Vulvovaginitis treatment depends on the type of condition that you’re diagnosed with.
While some conditions can be treated at home, it’s really important to get the advice of your health care provider before you start taking any new medication or supplements.
Treatment can include:
- Over-the-counter medication: Yeast infections can be treated using over-the-counter medication from a pharmacy. Make sure you speak to your health care provider before seeking out medication and follow the directions on the packaging carefully. A cold compress may help relieve the burning and irritation. If you don’t see a change in your symptoms within a week, then you should go back to your health care provider.
- Medication from your health care provider: Not all vulvovaginitis conditions can be treated over the counter. To treat trichomoniasis, other STIs, bacterial vaginosis, and vaginal atrophy, you will need to speak to your health care provider about your symptoms and get a prescription based on their guidelines. Make sure to finish the full round of medication to prevent any recurrent vulvovaginitis and follow up with your medical professional.
Managing any medical condition can affect more areas of your life than your health, and dealing with vulvovaginitis can take a toll on your mental well-being. So if it’s getting you down, know that that’s normal and be kind to yourself. With treatment, it should pass.
One of the trickier aspects of a health condition like this is that “vulvovaginitis can cause pain or discomfort during sex and intimacy, especially if there is vaginal penetration involved,” says Casey Tanner, sex therapist and Flo medical board member. “If someone is experiencing this sort of pain with all or certain sexual activities, it may impact their sex drive or sense of self-worth.”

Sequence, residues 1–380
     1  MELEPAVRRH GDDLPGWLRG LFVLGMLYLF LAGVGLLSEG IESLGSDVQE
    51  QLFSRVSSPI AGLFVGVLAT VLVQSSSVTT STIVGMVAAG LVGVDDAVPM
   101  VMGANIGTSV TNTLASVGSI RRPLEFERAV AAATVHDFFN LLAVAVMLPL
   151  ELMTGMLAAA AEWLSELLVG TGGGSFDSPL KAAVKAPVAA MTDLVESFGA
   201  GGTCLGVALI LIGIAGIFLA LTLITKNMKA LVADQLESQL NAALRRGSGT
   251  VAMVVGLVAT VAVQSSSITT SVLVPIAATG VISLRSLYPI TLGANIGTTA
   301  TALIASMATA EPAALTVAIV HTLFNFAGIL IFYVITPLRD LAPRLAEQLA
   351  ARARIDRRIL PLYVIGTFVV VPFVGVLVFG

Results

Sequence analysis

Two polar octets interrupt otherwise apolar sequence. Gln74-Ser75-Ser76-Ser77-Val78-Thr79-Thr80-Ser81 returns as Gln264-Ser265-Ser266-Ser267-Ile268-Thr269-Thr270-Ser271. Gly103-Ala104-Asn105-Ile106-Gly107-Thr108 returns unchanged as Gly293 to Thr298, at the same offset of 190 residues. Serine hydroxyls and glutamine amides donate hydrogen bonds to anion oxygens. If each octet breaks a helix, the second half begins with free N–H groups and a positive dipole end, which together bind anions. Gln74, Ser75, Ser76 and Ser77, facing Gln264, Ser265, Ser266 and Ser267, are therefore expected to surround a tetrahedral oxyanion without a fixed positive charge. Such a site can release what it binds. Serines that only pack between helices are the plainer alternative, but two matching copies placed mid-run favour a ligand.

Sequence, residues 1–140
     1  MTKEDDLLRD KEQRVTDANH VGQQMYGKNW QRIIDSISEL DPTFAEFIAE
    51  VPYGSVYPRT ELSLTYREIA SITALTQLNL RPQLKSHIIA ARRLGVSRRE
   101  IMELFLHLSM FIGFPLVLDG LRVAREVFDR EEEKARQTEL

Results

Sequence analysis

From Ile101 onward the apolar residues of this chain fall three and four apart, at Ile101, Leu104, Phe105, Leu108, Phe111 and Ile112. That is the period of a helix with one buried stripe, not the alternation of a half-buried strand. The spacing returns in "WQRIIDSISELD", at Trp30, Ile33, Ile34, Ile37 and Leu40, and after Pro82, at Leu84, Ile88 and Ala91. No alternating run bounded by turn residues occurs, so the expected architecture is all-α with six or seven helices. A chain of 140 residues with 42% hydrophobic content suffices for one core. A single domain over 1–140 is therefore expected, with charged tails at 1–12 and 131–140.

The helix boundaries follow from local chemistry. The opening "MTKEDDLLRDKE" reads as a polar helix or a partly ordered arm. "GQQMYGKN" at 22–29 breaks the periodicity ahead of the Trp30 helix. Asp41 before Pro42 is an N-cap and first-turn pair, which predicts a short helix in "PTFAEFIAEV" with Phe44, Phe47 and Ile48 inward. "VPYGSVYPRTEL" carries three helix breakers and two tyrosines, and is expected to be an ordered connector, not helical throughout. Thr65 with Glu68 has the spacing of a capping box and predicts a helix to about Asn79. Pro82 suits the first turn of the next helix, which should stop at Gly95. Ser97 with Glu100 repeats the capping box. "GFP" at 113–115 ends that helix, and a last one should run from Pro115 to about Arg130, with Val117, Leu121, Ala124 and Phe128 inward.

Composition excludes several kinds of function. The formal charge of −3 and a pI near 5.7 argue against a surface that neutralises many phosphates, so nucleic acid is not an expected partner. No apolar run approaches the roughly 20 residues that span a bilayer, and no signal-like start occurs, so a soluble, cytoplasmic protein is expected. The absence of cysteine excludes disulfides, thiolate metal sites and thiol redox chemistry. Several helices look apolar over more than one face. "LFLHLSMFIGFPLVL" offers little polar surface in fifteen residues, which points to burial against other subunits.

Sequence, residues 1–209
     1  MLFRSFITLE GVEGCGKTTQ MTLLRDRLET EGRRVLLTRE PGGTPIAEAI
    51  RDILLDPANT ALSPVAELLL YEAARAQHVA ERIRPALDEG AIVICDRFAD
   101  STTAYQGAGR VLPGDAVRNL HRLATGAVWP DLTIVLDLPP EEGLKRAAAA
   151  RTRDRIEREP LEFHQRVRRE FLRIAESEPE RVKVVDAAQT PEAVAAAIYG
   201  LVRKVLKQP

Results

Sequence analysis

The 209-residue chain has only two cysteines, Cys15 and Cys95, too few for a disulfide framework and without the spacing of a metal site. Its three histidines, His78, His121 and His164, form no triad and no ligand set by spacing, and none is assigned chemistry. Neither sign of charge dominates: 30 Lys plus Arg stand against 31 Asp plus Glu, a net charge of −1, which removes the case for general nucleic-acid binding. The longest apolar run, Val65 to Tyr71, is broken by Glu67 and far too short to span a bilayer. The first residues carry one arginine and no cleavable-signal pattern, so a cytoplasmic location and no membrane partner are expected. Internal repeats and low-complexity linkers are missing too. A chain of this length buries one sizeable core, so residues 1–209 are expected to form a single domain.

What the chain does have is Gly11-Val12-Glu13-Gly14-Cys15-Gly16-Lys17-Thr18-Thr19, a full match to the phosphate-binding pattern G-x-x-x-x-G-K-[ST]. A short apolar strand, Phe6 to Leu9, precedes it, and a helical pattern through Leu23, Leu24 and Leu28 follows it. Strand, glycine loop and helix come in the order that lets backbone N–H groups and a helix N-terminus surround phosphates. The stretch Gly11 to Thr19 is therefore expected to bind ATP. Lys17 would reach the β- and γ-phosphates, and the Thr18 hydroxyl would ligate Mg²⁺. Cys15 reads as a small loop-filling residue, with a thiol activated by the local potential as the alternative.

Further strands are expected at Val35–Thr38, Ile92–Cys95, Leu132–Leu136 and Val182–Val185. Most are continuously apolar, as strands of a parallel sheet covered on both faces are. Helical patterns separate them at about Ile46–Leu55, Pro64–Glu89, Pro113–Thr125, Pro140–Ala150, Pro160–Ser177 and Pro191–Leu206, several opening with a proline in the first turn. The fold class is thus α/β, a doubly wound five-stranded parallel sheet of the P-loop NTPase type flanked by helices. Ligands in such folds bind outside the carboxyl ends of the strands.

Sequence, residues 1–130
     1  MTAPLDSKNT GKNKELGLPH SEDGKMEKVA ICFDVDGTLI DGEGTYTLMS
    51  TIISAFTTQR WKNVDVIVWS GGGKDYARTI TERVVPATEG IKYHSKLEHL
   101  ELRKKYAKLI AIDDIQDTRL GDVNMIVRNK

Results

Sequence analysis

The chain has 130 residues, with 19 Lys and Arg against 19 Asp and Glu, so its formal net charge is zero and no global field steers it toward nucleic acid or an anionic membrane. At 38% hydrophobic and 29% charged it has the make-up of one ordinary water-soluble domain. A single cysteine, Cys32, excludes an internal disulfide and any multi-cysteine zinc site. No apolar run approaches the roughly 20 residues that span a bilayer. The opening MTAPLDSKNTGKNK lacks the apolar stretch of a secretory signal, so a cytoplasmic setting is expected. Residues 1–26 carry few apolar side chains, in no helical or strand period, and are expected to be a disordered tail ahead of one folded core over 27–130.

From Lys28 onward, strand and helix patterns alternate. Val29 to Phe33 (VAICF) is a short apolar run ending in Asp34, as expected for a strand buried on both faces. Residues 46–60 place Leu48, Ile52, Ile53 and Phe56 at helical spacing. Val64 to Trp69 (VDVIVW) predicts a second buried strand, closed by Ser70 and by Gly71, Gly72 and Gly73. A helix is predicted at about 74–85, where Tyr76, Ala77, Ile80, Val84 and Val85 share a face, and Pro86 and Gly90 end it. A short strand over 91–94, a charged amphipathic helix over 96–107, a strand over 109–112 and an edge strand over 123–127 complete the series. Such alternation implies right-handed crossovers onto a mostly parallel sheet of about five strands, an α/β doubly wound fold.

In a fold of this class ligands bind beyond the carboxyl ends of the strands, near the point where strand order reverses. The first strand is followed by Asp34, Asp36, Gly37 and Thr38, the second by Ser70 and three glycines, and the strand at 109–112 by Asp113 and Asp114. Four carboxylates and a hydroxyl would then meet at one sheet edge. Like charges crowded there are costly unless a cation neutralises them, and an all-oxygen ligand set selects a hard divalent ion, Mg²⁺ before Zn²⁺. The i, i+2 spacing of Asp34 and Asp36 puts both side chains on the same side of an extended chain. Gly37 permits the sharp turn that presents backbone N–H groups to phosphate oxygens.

“Take your time figuring out what works for you and don’t push yourself."
Managing any pain or discomfort you’re feeling while also being open and vulnerable with your health care provider can take some practice. Be gentle with yourself. “Take your time figuring out what works for you and don’t push yourself to do things sexually that you don’t feel emotionally and/or physically ready for,” says Tanner.
While you can’t always avoid vulvovaginitis, Dr. Rahman outlines that there are some steps you can take to prevent recurring symptoms.
- Avoid using scented products like soap and period products around your genital area (they can upset the balance of bacteria in your vagina leading to conditions like bacterial vaginosis).
- Avoid douching (spraying water or other products up your vagina).
- Wipe carefully when using the toilet. Always move from the front to the back to prevent bacteria from your poop from getting too close to the vaginal or urethral opening.
- Wear cotton underwear and loose clothing. Tight or wet clothing and synthetic fabrics may increase your chances of infection.
- Make sure that you clean all of your sex toys between uses and never switch between anal and vaginal sex during penetration.
- Instead of rubbing, pat dry your vulva after washing to prevent irritation.
Vulvovaginitis is an umbrella term that describes a number of conditions that affect your vulva and vagina. If you’ve ever experienced itching, soreness, or changes in your vaginal discharge, then you’re not alone. It’s the most common reason that women and girls reach out to their health care provider for a gynecological diagnosis.
Knowing when to speak to your medical professional can be tough, especially when you’re dealing with pain and discomfort. But keeping a note of your symptoms, researching them using an app like Flo, and speaking about them with a loved one may help you clarify what you want to say to your health care provider.
You know your body better than anyone, so don’t doubt yourself. If you think something doesn’t feel quite right, don’t be afraid to say something.